As we head into the break, some people like to dream about the summer to come. If that’s you, please take a look at this long list of opportunities! We’ll return to the usual articles format in January.
To stay local, consider applying for Prep’s Curricular Innovation Grant program, which offers a $2,500 summer grant for curricular work. Details are in your email, and applications are due Feb. 12.
Summer 2020 Professional Growth Opportunities
- The Global Education Benchmark Group is offering a fascinating array of summer symposia, including “Climate Change, Conservation and Economic Development” in Panama and “Understanding China Today” in China.
- Phillips Exeter Academy in New Hampshire hosts more than 400 teachers per year in its Exeter for Educators workshops, with institutes covering writing, astronomy, math, diversity, biology and the humanities. If you’re interested, take a look now, as the workshops fill very quickly once they open. Eric Hallett attended one of the math institutes last summer.
- On this coast is the Exeter Humanities Institute West, at the Bishop’s School in La Jolla. Abel Fuentes attended last year.
- Wildwood School in Los Angeles offers two interesting summer institutes, the Multicultural Leadership Institute and the Systems Thinking Schools Summer Workshop.
- Also in Los Angeles, the Community Works Institute holds a workshop on Place-Based Service Learning and Sustainability for K-16. Josh Perlman attended last summer.
- A highly regarded pedagogical seminar is the Center for Transformational Teaching and Learning’s The Science of Teaching and School Leadership Academy 2020, at St. Andrew’s Episcopal School in Maryland.
- The motto of the E.E. Ford Summer Teachers’ Colloquium in Santa Fe is “Relearn. Rejuvenate. Recharge.” Classes span disciplines from math to theater to literature and beyond. Tyke O’Brien took a writing class there last summer.
- Independent School Management offers two dozen practical and inspiring workshops at its Summer Institute in Philadelphia. In recent years, faculty including Fabian Bejarano, Lesley Fox, Barrett Jamison and Sarah Cooper have found the experience valuable.
- The Summit for Transformative Learning in St. Louis—STL in STL—focuses on all kinds of educational research and trends, including neuroscience, social emotional learning, assessment strategies and global, cultural and racial literacy. Cari Banning attended and presented here in 2019.
- If you have other ideas, please get in touch!
Recent Faculty & Staff Professional Growth
- Science teacher Michelle Gee and math teacher Madeline Martin just returned from the National Association for Independent Schools’ People of Color Conference in Seattle.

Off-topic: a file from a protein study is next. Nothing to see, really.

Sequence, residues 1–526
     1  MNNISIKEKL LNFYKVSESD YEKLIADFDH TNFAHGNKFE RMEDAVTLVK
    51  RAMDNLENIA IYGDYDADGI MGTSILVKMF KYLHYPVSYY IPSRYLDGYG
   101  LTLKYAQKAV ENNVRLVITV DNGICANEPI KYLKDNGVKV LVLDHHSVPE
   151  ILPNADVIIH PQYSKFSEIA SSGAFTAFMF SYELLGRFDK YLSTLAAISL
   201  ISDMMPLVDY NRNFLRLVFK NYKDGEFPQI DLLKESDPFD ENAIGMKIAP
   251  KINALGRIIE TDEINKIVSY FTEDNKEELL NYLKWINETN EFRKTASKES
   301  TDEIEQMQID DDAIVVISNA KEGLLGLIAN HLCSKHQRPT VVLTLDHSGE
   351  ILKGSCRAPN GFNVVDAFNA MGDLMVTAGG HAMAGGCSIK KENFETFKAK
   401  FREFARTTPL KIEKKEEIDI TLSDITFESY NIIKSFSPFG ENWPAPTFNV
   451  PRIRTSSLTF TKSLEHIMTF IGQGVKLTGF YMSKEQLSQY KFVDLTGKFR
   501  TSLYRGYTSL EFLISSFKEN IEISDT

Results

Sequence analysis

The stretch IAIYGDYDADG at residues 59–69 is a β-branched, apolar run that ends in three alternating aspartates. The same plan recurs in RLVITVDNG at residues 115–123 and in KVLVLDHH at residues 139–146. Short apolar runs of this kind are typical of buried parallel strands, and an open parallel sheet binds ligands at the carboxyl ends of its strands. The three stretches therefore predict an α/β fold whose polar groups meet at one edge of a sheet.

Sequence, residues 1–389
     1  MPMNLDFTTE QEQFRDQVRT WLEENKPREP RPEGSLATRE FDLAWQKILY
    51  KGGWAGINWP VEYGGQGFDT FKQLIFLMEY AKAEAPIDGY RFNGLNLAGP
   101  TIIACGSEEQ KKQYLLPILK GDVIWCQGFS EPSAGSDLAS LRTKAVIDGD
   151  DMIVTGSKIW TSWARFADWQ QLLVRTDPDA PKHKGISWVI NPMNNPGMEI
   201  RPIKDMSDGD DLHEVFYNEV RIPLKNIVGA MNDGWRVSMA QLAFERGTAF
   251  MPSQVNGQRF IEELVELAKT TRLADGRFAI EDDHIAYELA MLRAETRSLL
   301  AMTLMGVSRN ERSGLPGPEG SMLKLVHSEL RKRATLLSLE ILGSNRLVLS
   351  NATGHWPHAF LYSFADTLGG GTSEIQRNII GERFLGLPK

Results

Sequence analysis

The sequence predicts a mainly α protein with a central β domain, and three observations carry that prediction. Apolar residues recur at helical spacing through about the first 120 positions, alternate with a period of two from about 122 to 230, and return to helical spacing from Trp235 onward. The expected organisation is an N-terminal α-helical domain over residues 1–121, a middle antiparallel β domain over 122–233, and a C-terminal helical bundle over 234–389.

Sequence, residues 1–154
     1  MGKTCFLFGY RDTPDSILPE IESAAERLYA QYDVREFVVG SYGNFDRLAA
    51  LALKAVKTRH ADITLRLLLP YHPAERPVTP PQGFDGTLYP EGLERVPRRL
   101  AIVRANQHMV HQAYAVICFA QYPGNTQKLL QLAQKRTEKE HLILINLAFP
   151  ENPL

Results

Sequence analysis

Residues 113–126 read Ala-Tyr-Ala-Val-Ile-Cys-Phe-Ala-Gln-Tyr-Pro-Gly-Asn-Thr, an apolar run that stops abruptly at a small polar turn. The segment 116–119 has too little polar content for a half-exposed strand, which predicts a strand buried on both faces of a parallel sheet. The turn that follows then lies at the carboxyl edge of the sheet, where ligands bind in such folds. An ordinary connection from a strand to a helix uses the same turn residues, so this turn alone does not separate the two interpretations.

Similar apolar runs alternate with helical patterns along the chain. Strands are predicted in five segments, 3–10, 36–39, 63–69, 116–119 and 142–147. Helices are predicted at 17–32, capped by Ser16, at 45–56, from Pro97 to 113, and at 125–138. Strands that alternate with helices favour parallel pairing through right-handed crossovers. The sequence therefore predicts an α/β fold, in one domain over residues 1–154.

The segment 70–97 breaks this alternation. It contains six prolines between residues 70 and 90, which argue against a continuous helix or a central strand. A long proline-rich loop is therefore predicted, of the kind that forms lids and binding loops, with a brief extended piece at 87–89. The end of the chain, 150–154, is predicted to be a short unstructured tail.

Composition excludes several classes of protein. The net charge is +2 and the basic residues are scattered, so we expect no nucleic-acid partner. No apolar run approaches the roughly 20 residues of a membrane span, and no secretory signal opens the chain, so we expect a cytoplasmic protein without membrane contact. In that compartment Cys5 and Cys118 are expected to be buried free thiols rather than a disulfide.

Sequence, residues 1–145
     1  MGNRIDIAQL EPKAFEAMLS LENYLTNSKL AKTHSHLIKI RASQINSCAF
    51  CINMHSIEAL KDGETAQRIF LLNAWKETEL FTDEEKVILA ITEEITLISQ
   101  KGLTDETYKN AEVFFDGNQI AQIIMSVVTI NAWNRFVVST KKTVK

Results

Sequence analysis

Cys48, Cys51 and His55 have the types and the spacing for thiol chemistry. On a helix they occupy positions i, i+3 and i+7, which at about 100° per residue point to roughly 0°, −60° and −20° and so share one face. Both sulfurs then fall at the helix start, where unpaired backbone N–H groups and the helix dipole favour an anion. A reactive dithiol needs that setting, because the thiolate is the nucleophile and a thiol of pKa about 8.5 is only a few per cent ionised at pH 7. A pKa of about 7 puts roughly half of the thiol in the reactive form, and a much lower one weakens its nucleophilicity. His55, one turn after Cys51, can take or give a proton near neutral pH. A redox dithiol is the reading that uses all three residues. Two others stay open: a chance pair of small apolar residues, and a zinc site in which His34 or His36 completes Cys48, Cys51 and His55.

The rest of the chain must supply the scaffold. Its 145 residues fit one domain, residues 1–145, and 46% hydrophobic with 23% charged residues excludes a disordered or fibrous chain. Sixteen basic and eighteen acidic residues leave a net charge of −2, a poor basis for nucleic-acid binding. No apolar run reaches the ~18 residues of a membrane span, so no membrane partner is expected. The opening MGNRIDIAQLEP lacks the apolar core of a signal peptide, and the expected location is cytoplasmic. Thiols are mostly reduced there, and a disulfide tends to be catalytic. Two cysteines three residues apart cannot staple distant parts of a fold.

- Global Studies Coordinator Ingrid Herskind recently completed an online course through National Geographic, Mapping as a Visualization and Communication Tool in Your Classroom.
This month’s pieces encourage us to watch each other teach, explore digital annotation tools and be aware of trends in college costs. Please also check out the upcoming SXSW EDU conference in Austin and colleagues’ many recent professional growth experiences.
Jennifer Gonzalez, “Open Your Door: Why We Need to See Each Other Teach,” Cult of Pedagogy
This classic and down-to-earth article about teachers spending time in each other’s classrooms might make you want to pop next door for a visit right now!
When I go over to someone’s house and it’s spotlessly clean, I feel kind of jealous and insecure. But crumbs on the counter and shoes in the hallway? On a gut level, I’m more comfortable. In this place, my psyche tells me, I won’t be judged. The same goes for your teaching: If you let someone else see you screw up, they will probably be more comfortable having you observe them. What happens next is you both start to take more risks, try new things. You cultivate a spirit of experimentation and learning together, rather than struggling to out-perfect each other.
“Top Tech Tools for Digital Annotation,” Common Sense Education
Many of us across disciplines have expressed a desire for seamless online annotation of texts. This list of 18 includes VoiceThread, Diigo, Genius, Scrible and more. If you end up using and liking one of them, please let us know.
You'll be giving students a voice as they develop close-reading skills, provide analysis and opinion, become fact-finding web detectives, engage in peer review, and practice essential research techniques. And with these tools, teachers can highlight important points, promote critical thinking through video, inspire inquiry, observe student confusion, personalize grading, and streamline the paperless classroom.
Alia Wong, “Six-Figure Price Tags Are Coming to Colleges,” The Atlantic
Some might think that tuition costs are rising largely because of expanded amenities for students, but personnel costs are a main factor driving higher prices at some private colleges.
The gap between sticker and net price is growing at colleges across the country. Data published by the College Board suggest that a typical student at a private, nonprofit, bachelor-granting institution in the United States pays roughly $10,000 less than the average sticker price, which was about $37,000 in the past school year. Much of the sticker-net gap is a result of tuition discounts.
SXSW EDU 2020 Conference, Austin, Texas, March 9-12, 2020
This exciting and highly regarded conference is guaranteed to offer food for thought, with “a diverse array of speakers, sessions, workshops, learning experiences, policy discussions and film screenings programmed to foster learning and discovery for all education stakeholders.” Thematic tracks include K-12 education, leadership, equity, global education, the science of learning, SEL & wellness, student agency and more.
Professional Growth Presentations